The latest report from the Federal Reserve shows that consumers used their credit cards quite extensively to fund their holiday shopping.
Revolving credit, which is made up primarily of credit card debt, increased at an annual rate of 4.1 percent in December. It rose nearly $3 billion to $801.0 billion.
This follows a jump of $5.5 billion in November which was an annual rate increase of 8.4 percent.
December was the fourth straight month of increases in revolving credit.
Analysts are a bit torn on what this means. This could be a positive sign that consumers are more confident in the economy. On the other hand, it could mean that people are struggling and have to rely on using their credit card to make ends meet.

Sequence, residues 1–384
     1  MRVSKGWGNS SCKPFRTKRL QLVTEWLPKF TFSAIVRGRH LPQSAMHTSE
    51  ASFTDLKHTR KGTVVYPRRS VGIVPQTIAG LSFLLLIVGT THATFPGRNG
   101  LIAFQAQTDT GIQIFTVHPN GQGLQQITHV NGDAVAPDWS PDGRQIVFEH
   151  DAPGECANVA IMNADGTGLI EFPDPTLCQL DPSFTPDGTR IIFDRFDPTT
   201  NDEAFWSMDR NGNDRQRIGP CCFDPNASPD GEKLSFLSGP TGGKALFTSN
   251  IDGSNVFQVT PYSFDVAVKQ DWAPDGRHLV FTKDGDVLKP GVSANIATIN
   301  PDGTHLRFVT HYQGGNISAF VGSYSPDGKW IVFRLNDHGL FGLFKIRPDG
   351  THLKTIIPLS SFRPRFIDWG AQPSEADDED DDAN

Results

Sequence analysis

But this much is clear: consumers are going into 2012 with higher credit card debt, but the same wages. If consumers have a hard time paying down this debt, then we might see delinquencies and defaults start to increase by spring.